Sask. Premier condemns 'carbon cops' in federal budget

The Saskatchewan government isn’t overly excited about what the federal government’s latest budget means for the province.

Moe hopeful Saskatchewan can secure funding for RCMP, Indigenous communities

Premier Scott Moe said he condemns the federal government’s investment into what he calls “carbon cops.” (CBC News)

Saskatchewan's leaders are not overly excited about what the federal government's latest budget means for the province.

Following the release of Tuesday's budget, Finance Minister Donna Harpauer called it "status quo," saying it will not affect the upcoming Saskatchewan budget.

"I do not have to go back and sharpen my pencil and change our budget in any way," she said.

Both Harpauer and Premier Scott Moe said they were pleased to see there were no changes to transfer payments to the provinces.

Moe also commended the federal government for spending  $80 million over five years in the training of new RCMP cadets, some of whom Moe said Saskatchewan will hopefully have access to.

Under a chapter titled 'Reconciliation', the 2018 budget earmarks new funding for Indigenous child welfare, health care, water, housing and self government.

"We look to work with our federal government and our First Nations communities across Saskatchewan to access those dollars as we move forward," Moe said.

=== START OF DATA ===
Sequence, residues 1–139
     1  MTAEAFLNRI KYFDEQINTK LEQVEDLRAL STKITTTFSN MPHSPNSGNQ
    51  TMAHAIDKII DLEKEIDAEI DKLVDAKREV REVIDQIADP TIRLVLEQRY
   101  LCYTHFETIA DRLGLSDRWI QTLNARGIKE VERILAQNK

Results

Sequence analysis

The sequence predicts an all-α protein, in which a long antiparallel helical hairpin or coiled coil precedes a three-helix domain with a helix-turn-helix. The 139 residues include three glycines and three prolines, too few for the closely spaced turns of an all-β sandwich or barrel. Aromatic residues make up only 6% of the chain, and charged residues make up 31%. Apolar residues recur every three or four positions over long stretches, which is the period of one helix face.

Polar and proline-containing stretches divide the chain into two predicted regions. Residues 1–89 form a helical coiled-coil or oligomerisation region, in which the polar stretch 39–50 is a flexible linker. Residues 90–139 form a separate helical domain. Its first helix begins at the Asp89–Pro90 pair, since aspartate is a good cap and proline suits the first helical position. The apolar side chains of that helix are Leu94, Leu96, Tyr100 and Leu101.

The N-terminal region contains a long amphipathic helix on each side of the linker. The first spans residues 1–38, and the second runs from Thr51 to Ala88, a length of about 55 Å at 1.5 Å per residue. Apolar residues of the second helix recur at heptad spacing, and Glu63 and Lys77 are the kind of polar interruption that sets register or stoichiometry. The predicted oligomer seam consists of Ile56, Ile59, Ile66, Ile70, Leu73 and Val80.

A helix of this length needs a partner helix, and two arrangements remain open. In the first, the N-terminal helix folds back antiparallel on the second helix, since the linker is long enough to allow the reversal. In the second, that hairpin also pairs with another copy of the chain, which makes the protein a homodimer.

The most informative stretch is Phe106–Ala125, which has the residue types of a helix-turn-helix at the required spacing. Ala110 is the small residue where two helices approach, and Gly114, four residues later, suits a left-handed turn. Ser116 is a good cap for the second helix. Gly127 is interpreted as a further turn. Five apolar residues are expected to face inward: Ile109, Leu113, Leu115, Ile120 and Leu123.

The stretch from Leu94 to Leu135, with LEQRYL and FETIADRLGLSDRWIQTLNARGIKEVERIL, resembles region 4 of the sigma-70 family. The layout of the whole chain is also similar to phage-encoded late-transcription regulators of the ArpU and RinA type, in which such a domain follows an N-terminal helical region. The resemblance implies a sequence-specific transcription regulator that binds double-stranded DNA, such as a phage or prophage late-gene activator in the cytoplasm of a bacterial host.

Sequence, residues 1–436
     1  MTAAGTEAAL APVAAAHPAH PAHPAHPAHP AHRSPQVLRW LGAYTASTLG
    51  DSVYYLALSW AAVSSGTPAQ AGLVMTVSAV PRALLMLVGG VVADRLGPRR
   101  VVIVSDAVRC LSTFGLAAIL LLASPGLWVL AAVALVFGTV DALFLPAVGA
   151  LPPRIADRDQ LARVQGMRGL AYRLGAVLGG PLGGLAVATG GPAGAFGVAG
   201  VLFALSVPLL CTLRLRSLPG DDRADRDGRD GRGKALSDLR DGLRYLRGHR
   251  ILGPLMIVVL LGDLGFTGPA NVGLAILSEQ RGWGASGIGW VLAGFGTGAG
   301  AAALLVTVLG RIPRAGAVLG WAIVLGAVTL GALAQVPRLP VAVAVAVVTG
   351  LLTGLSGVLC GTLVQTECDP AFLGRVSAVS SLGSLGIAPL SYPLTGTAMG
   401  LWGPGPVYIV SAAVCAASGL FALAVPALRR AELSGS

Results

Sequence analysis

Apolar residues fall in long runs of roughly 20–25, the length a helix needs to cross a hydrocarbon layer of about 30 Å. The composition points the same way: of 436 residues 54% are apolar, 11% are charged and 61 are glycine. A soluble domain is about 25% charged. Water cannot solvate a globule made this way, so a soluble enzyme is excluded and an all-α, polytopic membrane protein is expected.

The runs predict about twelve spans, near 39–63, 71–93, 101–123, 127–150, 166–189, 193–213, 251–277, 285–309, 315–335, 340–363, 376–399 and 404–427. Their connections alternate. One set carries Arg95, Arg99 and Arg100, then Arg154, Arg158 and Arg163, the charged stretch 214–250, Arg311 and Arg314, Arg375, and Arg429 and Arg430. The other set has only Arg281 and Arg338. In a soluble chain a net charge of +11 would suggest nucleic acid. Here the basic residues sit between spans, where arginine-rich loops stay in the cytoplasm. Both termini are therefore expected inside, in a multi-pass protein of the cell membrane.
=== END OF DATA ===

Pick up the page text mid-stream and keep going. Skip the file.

"Many of those are in five-year funding envelopes and a little bit vague on how we're able to access them so we've asked for more information."

Moe and Harpauer both said they were disappointed to see a new cap on passive income tax rates.

The budget states that access to the lower small business tax rate will be gradually reduced for corporations that earn more than $50,000 in an annual income from passive investments. Those earning $150,000 or more will not be eligible for the small business deduction.

"We don't view that as a positive because people will save for a few years for major capital investments," Moe said.

Above all, Moe said he condemns the federal government's investment into what he calls "carbon cops."

Moe said the budget sets aside $106 million over five years to "look at jurisdictions that are not implementing this ill-conceived carbon tax and Saskatchewan will be one of those jurisdictions."

"There's more dollars that are being allocated to policing a carbon pricing system than we're discussing in the low-carbon economy fund that Saskatchewan will be attempting to assess," he said.

The federal government has promised a share of a $1.4 billion fund for emission reduction programs in provinces that sign on to the Pan-Canadian climate plan — which includes implementing carbon pricing. The deadline to sign up is Feb. 28 and Saskatchewan is the only province that has refused to sign.

"We need to remain competitive. A carbon tax most certainly does not do that," Moe said.